Isbert Adam and Martin Bendheim. Collection

Bijkomende meta info

This collection contains a notarial deed from Danzig, regarding a power of attorney attributed to the Aronsohn and Barnass families ; financial deeds regarding shipping company "Havana importer S.A." and the debt suffered by associate Martin Bendheim ; a list summing up the content of a business or a house, probably the abolished office of "Havana Importer S.A." branch led by Martin Bendheim ; a Dutch death certificate of Martha Sara Barschall, mother of Isbert Adam ; correspondence and forms regarding the shipping of several valuable paintings among which a canvas by Pieter-Paul Rubens ; the registration form of the "Havana Importer S.A." trading business ; two insurance policies regarding goods imported by "Havana Importer S.A." and stored by moving company Arthur Pierre in Antwerp ; a delegation of power given by Isbert Adam to his business associates Martin Bendheim and Henri Van Immerzeel.
1937-1941
French, English
Latin
KD_00039
collection
49 digitised images:19 documents
Isbert Adam was born in Zempelberg (West Prussia, now Sepolno Krajenskie in Poland) in 1880. He was a Cuban national and he became honorary consul for Cuba in Danzig at the end of the 1930s. Isbert Adam also owned the shipping company "Havana importer S.A.". He presumably travelled to Antwerp in 1937 to create a Belgian branch of his business. His associates were Martin Bendheim (born in Frankfurt am Main in 1880) and Henri Van Immerzeel. Together with Adam Isbert, they imported and exported tobacco and art (including a painting or a sketch by Pieter-Paul Rubens). Based upon the collection content, it is presumed that Martin Bendheim, a Jewish tobacco dealer, was forced to close the "Havana importer S.A." branch in Brussels and/or Antwerp in 1941, possibly due to anti-Jewish measures, after which his collaboration with Adam and Van Immerzeel ended. No further information regarding Isbert Adam or Henri Van Immerzeel is available. Martin Bendheim was not deported from the Dossin barracks and presumably survived the war.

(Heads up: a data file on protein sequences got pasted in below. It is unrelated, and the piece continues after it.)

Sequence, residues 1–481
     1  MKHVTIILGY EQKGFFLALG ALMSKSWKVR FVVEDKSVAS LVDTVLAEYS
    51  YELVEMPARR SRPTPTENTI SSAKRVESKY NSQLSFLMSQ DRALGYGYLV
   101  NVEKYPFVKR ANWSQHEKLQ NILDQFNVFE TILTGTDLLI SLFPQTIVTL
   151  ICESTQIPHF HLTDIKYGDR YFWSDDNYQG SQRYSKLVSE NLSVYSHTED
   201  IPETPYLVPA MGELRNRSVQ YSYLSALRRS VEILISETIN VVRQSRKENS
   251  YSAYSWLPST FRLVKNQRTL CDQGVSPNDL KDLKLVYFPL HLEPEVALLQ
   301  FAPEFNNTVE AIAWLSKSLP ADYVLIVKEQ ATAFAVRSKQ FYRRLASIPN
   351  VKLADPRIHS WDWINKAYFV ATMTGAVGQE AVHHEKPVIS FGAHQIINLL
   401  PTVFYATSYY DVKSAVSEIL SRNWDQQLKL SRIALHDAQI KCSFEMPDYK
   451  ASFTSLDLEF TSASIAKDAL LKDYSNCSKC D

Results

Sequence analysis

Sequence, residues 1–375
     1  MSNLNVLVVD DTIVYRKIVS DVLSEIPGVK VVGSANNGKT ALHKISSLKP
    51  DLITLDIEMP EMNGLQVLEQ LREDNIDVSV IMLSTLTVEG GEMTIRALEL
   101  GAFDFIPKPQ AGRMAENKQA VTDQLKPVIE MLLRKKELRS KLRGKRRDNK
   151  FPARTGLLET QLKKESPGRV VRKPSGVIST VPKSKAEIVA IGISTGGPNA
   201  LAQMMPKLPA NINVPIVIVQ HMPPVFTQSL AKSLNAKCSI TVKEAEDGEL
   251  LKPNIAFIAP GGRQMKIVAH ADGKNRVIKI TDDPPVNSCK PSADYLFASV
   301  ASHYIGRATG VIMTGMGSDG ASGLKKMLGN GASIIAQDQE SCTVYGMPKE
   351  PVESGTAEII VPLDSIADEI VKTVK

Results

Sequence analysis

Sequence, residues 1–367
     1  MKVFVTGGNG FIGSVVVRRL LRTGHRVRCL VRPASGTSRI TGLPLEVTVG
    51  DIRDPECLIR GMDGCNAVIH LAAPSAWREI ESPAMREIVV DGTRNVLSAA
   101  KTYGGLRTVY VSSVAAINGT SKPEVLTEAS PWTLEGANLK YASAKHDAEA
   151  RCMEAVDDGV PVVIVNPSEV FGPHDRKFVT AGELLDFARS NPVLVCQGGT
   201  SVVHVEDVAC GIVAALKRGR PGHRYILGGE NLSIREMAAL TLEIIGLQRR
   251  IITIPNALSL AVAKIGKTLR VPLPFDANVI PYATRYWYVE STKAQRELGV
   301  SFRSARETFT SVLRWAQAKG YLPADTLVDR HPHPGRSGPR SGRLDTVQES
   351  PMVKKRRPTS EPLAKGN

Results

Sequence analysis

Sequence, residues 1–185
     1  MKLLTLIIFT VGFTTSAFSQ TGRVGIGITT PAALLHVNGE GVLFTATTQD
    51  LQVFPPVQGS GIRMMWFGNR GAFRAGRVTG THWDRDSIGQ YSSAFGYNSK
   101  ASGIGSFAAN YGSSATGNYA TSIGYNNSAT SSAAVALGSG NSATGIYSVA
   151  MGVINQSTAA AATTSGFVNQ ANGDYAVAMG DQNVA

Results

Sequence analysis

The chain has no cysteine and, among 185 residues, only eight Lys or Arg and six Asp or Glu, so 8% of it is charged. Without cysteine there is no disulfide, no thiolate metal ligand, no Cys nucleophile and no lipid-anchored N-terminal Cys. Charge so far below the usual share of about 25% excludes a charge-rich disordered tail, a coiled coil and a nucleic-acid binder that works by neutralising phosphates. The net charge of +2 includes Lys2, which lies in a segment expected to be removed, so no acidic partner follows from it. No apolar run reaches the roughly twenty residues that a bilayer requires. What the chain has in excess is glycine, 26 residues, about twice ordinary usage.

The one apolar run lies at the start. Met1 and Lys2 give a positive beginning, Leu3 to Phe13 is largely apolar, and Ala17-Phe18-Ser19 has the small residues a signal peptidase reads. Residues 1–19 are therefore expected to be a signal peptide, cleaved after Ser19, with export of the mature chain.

The documents were discovered at the home of Frans Broers by art historian Jacques Lust, a researcher who was appointed to track down art stolen from Jews in Belgium during World War II. Since Isbert Adam presumably visited Belgium only once, in 1937, it is more likely that the collection was created by his Jewish business associate Martin Bendheim.
Frans Broers via Jacques Lust, 2014

Object hiërarchie: 1 items